Medyo matagal na rin akong di napadpad dito. It has been 21 years since we went there, back when I was still a kid. It was a different world—so laidback and so rural, that the city boy in me was quite shocked. We visited the once booming mines up in the mountains of Marinduque. It was like a small city on its own, has its own airport, a mountain with a blue pit below.
Marinduque has that surreal feel na hindi ko maintindihan bilang bata pa.
We left the province that same day. It got me curious on its mystical charm – of that laidback aura and famed fierce mascots called Moriones during Semana Santa.
Nakupow! Stress Orena-Drilon ang peg ko. The work and all the traffic and noise of the “Ever Imperial and Noble City of Manila” have driven me mad and somehow uneasy. I need a break from all these noise!
My best bud and I have been planning to go to Marinduque before the rainy season goes on a full blast. It was postponed for the Independence Day weekend and was moved a week later. The forecast was good—isolated rainshowers and thunderstorms especially in the afternoon. Together with my colleague and fellow heritage advocate, we embarked in a laidback adventure.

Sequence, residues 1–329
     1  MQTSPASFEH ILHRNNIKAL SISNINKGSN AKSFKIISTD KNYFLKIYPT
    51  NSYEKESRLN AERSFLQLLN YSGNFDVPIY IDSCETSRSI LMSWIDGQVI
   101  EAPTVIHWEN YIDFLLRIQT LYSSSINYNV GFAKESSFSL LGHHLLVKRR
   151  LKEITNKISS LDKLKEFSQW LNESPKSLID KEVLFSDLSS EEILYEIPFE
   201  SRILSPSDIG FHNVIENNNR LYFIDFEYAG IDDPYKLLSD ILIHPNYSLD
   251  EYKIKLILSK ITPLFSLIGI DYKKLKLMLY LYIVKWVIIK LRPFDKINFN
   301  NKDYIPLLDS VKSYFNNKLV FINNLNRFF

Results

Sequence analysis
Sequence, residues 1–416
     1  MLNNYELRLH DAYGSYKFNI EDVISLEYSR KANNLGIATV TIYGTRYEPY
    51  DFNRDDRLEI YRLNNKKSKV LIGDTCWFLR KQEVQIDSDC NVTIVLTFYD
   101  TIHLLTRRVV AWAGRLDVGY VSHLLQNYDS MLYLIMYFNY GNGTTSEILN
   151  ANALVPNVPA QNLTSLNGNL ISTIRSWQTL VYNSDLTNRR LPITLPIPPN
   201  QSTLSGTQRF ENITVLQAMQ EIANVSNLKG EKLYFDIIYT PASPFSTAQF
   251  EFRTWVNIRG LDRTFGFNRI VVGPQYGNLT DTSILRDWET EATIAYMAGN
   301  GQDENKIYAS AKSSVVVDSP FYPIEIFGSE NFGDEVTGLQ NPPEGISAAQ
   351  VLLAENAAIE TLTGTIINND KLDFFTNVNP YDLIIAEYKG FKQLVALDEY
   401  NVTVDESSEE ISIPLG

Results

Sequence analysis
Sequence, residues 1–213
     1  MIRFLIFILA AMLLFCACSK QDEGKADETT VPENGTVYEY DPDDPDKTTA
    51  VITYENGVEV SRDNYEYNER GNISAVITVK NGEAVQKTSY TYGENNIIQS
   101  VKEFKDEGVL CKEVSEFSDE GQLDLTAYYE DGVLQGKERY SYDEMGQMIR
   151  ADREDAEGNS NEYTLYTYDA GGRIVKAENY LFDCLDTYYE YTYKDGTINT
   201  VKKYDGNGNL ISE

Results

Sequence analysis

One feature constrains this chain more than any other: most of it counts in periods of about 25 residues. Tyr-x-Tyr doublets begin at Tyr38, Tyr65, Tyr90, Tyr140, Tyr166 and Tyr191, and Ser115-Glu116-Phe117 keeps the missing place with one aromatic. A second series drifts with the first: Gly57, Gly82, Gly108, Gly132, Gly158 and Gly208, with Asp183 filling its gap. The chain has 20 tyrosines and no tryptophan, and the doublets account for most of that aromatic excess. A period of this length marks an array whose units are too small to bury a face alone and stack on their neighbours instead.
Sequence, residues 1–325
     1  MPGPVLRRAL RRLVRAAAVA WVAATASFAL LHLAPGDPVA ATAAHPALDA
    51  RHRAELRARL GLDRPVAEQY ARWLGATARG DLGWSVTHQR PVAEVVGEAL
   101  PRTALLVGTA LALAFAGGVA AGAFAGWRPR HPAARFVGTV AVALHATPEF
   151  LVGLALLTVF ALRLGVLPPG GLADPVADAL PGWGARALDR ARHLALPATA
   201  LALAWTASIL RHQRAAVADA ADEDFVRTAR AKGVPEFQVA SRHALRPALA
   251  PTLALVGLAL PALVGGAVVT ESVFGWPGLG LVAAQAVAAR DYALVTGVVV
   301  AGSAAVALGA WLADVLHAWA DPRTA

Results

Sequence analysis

We planned it as if we’re not to rush things, meet new people, and experience Marinduque in the eyes of the locals, and boy it went good enough that on our last day, it was kind of melancholic to leave it.
Finally, a respite from the crazy and mad life of Manila!
It has been twenty-one years since I went to this island off coast of Luzon. I wondered how the charming island has become.
(to be continued…)
About the writer: Bernardo Arellano III is a Project Officer at National Commission for Culture and the Arts. He is a traveler, geography student, cultural heritage advocate and worker.
- #OfelPH, napanatili ang lakas habang binabagtas ang Marinduque-Romblon area - October 14, 2020
- Marinduque Rep. Velasco, nakipag one-on-one meeting kay Pangulong Duterte - October 6, 2020
- 10 pamilya, inilikas matapos magkabitak ang lupa sa Marinduque - July 7, 2020